|Thomas Rhett Smith|
|21st Mayor of Charleston|
1813 –March 1815
|Preceded by||Thomas Bennett Jr.|
|Succeeded by||Elias Horry|
|Died||March 28, 1829|
|Spouse(s)||Anne Rebecca Skirving (m. 1795)|
|Children||Anne Hutchinson Smith Elliott|
|Alma mater||Cambridge University|
Thomas Rhett Smith was the twenty-first intendant (mayor) of Charleston, South Carolina, serving from 1813 to March 1815.
Charleston is the oldest and largest city in the U.S. state of South Carolina, the county seat of Charleston County, and the principal city in the Charleston–North Charleston–Summerville Metropolitan Statistical Area. The city lies just south of the geographical midpoint of South Carolina's coastline and is located on Charleston Harbor, an inlet of the Atlantic Ocean formed by the confluence of the Ashley, Cooper, and Wando rivers. Charleston had an estimated population of 134,875 in 2017. The estimated population of the Charleston metropolitan area, comprising Berkeley, Charleston, and Dorchester counties, was 761,155 residents in 2016, the third-largest in the state and the 78th-largest metropolitan statistical area in the United States.
Smith was born in 1768 to Roger Smith and Mary Rutledge. He served in the South Carolina House of Representatives for St. James and Goose Creek Parish during four session, 1792–1799.In September 1796, he was elected to be a warden (city council member) for Charleston and was re-elected in September 1797. In 1800-1801, he served another term, representing the Charleston area.
Smith was elected intendant on September 20, 1813, by a vote of 465 (Smith) to 318 (Democrat Thomas Bennett Jr.)and was re-elected on September 19, 1814. He did not complete his second term; he resigned in March 1815 and was replaced by Elias Horry.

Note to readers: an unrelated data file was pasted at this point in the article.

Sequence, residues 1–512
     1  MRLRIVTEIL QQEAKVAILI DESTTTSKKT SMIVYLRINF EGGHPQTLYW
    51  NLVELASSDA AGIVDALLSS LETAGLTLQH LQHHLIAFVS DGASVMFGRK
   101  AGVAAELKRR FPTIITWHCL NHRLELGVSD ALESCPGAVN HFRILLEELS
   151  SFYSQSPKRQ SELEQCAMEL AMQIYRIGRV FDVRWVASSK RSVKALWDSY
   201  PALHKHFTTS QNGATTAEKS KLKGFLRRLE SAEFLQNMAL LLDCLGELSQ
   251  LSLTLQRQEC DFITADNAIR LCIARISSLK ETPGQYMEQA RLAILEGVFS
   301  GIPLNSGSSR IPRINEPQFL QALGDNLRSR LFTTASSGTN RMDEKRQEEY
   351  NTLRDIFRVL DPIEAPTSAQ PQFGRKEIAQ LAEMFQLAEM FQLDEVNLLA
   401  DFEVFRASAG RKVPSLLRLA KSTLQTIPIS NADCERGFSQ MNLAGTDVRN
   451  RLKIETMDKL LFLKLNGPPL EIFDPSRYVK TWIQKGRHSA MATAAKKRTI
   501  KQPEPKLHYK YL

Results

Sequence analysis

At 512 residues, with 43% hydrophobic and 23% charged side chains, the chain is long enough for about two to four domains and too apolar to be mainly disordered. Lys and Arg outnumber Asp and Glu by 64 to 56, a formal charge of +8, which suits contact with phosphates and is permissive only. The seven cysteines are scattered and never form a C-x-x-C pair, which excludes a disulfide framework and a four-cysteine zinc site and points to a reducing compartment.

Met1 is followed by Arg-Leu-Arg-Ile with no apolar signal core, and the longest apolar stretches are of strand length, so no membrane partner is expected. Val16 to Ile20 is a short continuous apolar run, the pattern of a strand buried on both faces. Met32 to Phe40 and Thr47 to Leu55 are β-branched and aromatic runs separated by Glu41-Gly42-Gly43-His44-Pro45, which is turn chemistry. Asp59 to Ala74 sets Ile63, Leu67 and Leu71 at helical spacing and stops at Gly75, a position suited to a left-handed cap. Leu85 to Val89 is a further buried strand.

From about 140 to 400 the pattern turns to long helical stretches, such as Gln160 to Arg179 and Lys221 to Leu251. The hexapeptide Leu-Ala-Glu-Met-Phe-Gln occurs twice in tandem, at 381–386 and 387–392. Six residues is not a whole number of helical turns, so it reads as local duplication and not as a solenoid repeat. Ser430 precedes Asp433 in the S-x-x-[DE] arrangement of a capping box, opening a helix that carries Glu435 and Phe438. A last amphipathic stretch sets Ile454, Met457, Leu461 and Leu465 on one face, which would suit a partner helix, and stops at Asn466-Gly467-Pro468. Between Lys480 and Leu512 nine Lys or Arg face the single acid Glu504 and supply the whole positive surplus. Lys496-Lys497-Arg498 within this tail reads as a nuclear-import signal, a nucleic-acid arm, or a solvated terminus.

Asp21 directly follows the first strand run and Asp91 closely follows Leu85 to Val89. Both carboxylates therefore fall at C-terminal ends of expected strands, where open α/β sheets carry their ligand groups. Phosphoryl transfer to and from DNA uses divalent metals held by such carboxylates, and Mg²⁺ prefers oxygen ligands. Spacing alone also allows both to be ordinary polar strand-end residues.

Elias Horry was a lawyer, politician, businessman and plantation owner who twice served in the South Carolina General Assembly as well as the intendant (mayor) of Charleston, South Carolina, serving two terms from 1815 to 1817 and 1820 to 1821.
Richard Hutson was an American lawyer, judge, and politician from Charleston, South Carolina. He represented South Carolina as a delegate to the Continental Congress, where he signed the Articles of Confederation. After the British captured Charleston in 1780, he was held as a prisoner at St. Augustine, Florida for a time. After he returned home, he served as the eighth Lieutenant Governor of South Carolina under Governor John Mathews in 1782 and 1783.
Burnet Rhett Maybank was a U.S. Senator, the 99th Governor of South Carolina, and Mayor of Charleston, South Carolina. He is one of only twenty people in United States history to have been elected mayor, governor, and United States senator. Maybank was the direct descendant of five former South Carolina governors: Thomas Smith, Rawlins Lowndes, Robert Gibbes, James Moore and William Aiken, Jr. and one U.S. Senator, Robert Barnwell Rhett. He was the first governor from Charleston since the Civil War. His son, Burnet R. Maybank Jr., went on to become lieutenant governor of South Carolina and a later candidate for governor. His grandson, Burnet Maybank III, is a notable lawyer.